04282_000_005I was less than enthusiastic about dramatizing the Joseph Smith story. But something happened that changed my life.
I had been taught the Joseph Smith story my entire life. I believed it was true because I trusted those who taught me. If anybody spoke negatively of the Prophet Joseph, I defended him, not because I had a testimony of him but on principle, knowing it was what I was supposed to do.
That all changed when my ward was assigned to provide a special number for a cultural event of the San Salvador El Salvador Ilopango Stake. My friends and I thought that a humorous skit would be best; our Young Men president disagreed. He suggested that we dramatize some of the Prophet Joseph Smith’s experiences.
We were not excited about this idea. My friends and I knew that everyone else would perform a funny dance or skit, and we were embarrassed to do anything different. We knew people would laugh at us when they saw us dressed up in old-fashioned clothing, performing a serious drama. I had seen that happen on other occasions, and I have to admit that I had even been one of those who had laughed. However, our Young Men president promised us that if we worked diligently to prepare the Joseph Smith story, nobody would laugh.
So for the next two months, we lived the Joseph Smith story. We saw the film of the First Vision countless times, and we memorized every word and every detail of it. We painted an enormous set that showed the Sacred Grove and the open sky. We made a stack of gold plates and found a huge Bible and a rocking chair to use as props. One of my friends who played the piano recorded the hymn “Joseph Smith’s First Prayer” (Hymns, no. 26). We even recorded the sound of birds singing in the grove and of Joseph’s footsteps as he stepped on the leaves. When we drew for our parts, it fell to me to play Joseph Smith.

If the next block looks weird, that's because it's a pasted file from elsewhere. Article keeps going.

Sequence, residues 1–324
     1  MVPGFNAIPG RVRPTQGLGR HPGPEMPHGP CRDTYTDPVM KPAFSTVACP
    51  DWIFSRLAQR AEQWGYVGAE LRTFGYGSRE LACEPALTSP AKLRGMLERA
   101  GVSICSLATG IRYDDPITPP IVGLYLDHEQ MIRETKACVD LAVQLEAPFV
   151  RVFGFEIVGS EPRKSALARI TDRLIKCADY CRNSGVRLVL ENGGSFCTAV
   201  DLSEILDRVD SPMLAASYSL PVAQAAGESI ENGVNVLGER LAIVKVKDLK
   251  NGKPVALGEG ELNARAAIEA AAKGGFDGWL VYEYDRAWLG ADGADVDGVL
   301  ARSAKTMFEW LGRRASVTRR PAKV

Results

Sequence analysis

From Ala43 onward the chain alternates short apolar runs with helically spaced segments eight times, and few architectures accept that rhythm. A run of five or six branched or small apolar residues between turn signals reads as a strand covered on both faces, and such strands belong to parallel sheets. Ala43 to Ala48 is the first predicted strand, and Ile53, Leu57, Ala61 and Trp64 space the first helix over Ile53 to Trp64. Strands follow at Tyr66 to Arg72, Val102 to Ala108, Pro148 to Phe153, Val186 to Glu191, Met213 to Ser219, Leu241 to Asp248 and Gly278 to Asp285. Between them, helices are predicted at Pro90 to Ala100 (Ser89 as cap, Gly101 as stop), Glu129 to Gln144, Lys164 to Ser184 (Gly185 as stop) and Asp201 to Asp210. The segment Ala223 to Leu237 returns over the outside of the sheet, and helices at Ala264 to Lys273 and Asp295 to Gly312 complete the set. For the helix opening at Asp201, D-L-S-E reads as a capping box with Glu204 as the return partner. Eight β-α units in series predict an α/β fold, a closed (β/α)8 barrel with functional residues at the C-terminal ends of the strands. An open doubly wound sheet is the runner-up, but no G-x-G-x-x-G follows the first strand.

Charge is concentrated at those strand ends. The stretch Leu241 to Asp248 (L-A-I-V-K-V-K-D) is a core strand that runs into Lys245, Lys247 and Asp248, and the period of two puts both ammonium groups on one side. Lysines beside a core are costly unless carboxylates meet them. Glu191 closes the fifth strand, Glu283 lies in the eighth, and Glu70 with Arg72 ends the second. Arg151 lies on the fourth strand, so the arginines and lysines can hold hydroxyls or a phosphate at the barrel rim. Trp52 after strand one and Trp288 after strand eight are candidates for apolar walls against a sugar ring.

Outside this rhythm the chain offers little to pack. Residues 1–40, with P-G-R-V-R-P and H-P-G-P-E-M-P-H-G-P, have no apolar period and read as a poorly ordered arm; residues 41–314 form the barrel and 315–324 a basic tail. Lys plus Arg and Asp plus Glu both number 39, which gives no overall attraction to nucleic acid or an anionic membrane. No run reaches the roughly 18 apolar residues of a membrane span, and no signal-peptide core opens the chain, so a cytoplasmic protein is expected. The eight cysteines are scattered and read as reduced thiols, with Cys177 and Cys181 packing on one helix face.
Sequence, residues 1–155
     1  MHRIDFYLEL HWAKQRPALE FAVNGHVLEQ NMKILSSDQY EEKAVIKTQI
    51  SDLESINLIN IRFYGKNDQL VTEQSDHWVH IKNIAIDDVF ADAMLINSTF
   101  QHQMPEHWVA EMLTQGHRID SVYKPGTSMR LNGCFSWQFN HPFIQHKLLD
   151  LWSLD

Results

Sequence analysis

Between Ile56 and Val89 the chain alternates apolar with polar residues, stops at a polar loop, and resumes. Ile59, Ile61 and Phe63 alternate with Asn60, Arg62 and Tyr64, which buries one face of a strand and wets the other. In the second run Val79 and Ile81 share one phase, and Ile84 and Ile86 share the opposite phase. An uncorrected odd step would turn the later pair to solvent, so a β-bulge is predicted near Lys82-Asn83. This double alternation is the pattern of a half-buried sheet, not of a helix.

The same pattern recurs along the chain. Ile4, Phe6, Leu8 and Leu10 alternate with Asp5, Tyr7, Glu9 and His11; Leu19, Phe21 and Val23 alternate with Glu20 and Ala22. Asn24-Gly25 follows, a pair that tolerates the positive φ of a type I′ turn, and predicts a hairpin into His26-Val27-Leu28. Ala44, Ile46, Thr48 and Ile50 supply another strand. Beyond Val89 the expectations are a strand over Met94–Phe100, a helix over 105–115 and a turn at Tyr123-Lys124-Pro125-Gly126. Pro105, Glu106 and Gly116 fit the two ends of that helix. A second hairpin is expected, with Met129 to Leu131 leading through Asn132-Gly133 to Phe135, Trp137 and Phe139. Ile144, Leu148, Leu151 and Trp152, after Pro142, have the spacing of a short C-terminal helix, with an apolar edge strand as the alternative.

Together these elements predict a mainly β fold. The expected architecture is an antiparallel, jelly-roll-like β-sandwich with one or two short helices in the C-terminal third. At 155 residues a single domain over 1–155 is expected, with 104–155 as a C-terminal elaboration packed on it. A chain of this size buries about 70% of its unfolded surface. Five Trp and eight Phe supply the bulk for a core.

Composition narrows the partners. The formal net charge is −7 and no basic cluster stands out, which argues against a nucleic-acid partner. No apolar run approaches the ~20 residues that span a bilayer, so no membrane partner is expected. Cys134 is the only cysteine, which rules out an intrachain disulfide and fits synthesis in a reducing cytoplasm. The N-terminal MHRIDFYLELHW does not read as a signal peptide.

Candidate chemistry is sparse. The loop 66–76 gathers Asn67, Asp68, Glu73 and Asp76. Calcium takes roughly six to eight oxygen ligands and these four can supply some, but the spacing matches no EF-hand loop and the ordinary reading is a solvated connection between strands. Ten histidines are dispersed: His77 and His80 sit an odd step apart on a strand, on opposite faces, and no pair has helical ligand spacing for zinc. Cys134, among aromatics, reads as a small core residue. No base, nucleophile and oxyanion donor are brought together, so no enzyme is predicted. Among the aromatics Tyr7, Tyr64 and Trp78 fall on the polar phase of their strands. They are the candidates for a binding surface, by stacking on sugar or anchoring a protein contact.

On the day of the performance, we found out that, as expected, we were the only ones performing something serious. So before our turn came, we joined together to pray that all would go well. Then something happened that changed my life.
It was time for me to go on stage. The set of the grove was before me. I walked toward it and heard the recorded hymn playing in the background. As I did, I felt something burning in my chest. Somehow I knew that the event I was reenacting had indeed happened, that a young boy just younger than I was had really had this experience. When I knelt down for the prayer scene, my lips were sealed—but not by an evil influence. Rather, I knew I couldn’t talk without crying. A powerful force testified to my heart that Joseph’s account was true! I felt great gratitude to the Lord for Joseph Smith, and there was born in me a great love for him.
When I opened my eyes, I realized some members of the audience also had tears in their eyes. I had no doubt that the Spirit was testifying to them of the sacred truthfulness of what we were portraying.
When I later served a mission, I still defended the Church and the Prophet Joseph Smith but not just on principle. I bore witness of him because, as the Prophet himself said, “I knew it, and I knew that God knew it, and I could not deny it” (Joseph Smith—History 1:25).
Illustration by John Zamudio